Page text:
- Last year, Reed dismissed the New York Times and its reporters from the suit, writing that news gathering is “at the very core of protected First Amendment activity” and that its practitioners shouldn’t have to live in “fear of tort liability.”
- Though Trump opposed the amount of money requested by the New York Times to cover its legal fees — $392,638 — Reed ordered Trump to pay it in full.
- Trump’s suit against his niece will proceed separately.
Why it matters: “The court has sent a message to those who want to misuse the judicial system to try to silence journalists,” said a New York Times spokesperson.
One day after reversing himself and refusing a request by former President Donald Trump’s lawyers to let him speak during closing arguments in his New York financial fraud trial, Judge Arthur Engoron reverses himself once again. Predictably, Trump’s remarks do not follow the guidelines laid out by the judge, who quickly interrupts him. Here are the latest legal developments involving the former president hoping to be reelected to the White House in 2024.
New York financial fraud
Engoron allows Trump to speak during closing arguments, then quickly cuts him off
- Near the end of the defense’s closing arguments, Kise asked Engoron to relent on his refusal to allow Trump to address the court even if he did not agree to the judge’s terms of what topics were off limits, the Associated Press reported.
- Engoron then asked Trump directly whether he would keep his comments limited to the facts in the case.
- “Well I think your honor that I think this case goes outside just the facts,” Trump responded and then proceeded to flout those guidelines that would have barred him from making a political speech or from attacking courtroom staff and the judicial system.
- “We have a situation where I’m an innocent man. I’ve been persecuted by somebody running for office and I think you have to go outside the bounds,” Trump said.
- “This was a political witch hunt,” he added.
- “What’s happened here, sir, is a fraud on me,” Trump continued. “They want to make sure that I don’t win again and this is partially election interference.”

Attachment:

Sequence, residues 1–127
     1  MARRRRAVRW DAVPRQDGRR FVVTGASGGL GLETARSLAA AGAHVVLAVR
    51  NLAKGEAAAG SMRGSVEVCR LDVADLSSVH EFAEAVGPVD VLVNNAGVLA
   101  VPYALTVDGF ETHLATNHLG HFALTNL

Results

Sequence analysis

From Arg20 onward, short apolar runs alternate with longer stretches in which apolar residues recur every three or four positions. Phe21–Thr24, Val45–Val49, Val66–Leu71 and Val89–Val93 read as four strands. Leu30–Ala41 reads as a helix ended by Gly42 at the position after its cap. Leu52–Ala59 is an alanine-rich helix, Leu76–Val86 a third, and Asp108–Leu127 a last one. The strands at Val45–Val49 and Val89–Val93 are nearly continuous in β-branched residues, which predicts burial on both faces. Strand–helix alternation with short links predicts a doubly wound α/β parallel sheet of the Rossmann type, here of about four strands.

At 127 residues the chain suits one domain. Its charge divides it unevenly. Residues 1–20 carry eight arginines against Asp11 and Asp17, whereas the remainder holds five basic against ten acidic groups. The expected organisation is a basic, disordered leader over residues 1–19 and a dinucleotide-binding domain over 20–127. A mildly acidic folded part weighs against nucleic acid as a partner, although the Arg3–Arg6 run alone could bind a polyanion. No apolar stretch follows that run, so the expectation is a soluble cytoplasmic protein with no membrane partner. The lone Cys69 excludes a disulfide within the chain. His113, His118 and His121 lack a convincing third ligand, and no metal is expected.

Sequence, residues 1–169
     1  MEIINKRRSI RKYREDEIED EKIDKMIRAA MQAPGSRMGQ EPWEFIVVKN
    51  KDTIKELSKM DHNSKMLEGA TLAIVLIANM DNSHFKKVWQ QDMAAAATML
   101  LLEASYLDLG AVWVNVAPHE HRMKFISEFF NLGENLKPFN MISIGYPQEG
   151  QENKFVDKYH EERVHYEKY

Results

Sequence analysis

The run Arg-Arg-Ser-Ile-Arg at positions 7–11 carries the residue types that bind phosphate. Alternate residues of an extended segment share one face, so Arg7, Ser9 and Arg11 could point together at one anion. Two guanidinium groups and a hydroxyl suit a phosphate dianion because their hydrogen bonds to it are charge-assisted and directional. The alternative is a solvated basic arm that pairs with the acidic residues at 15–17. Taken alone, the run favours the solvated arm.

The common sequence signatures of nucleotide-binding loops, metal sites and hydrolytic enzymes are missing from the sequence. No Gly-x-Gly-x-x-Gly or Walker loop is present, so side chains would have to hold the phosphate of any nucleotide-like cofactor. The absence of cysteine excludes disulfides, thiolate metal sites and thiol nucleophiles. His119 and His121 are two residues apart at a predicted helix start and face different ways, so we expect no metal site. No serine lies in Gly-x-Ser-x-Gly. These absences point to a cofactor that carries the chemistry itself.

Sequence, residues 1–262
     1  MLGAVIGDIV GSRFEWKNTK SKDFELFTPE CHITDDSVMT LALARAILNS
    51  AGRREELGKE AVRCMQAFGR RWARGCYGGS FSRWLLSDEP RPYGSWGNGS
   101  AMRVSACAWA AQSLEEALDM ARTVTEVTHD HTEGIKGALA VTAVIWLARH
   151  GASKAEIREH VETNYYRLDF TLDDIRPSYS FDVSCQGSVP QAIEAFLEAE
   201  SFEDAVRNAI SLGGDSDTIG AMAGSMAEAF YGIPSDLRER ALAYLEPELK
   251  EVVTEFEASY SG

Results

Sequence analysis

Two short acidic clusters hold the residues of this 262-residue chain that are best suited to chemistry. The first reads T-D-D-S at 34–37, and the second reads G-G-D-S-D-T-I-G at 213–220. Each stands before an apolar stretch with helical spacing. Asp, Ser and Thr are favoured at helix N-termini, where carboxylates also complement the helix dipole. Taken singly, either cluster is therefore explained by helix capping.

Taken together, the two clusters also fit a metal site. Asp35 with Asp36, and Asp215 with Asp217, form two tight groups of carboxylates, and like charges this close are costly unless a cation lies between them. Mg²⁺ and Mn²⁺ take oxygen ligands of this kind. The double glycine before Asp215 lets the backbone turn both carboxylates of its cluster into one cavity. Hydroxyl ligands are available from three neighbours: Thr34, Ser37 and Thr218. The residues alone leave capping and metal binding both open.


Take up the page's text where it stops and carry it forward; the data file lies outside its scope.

- James, Trump added, “hates Trump and uses Trump to get elected.”
- Lashing out at the judge, Trump said, “You can’t listen for more than one minute.”
- Engoron told Trump’s lawyer to “control your client,’’ before cutting Trump off altogether after roughly five minutes.
- “This could have been done differently,” Engoron told Kise before a lunch recess.
- When court reconvenes, Trump’s lawyers were at the defense table, but their client was not.
- As the state began its closing arguments in the case, Trump held a news conference at his property at 40 Wall St., where he repeated many of the same claims he made earlier in court.
- When the state delivered its closing argument, assistant Attorney General Kevin Wallace told Engoron that Trump, in addition to paying millions of dollars in fines, should be barred from doing business in the real estate industry.
- He added that Trump’s sons Eric and Donald Jr. should be banned from doing business in New York real estate for five years.
- In October, an appeals court paused Engoron’s order that canceled Trump’s business licenses in New York, but has yet to issue a final ruling.
Why it matters: Trump’s courtroom comments were similar to those he has made to reporters outside the courtroom. The fact that Engoron allowed him to speak at all during the proceedings was the only real surprise about the exchange. But Trump’s remarks are unlikely to impress the judge who will decide the penalties in his civil fraud trail.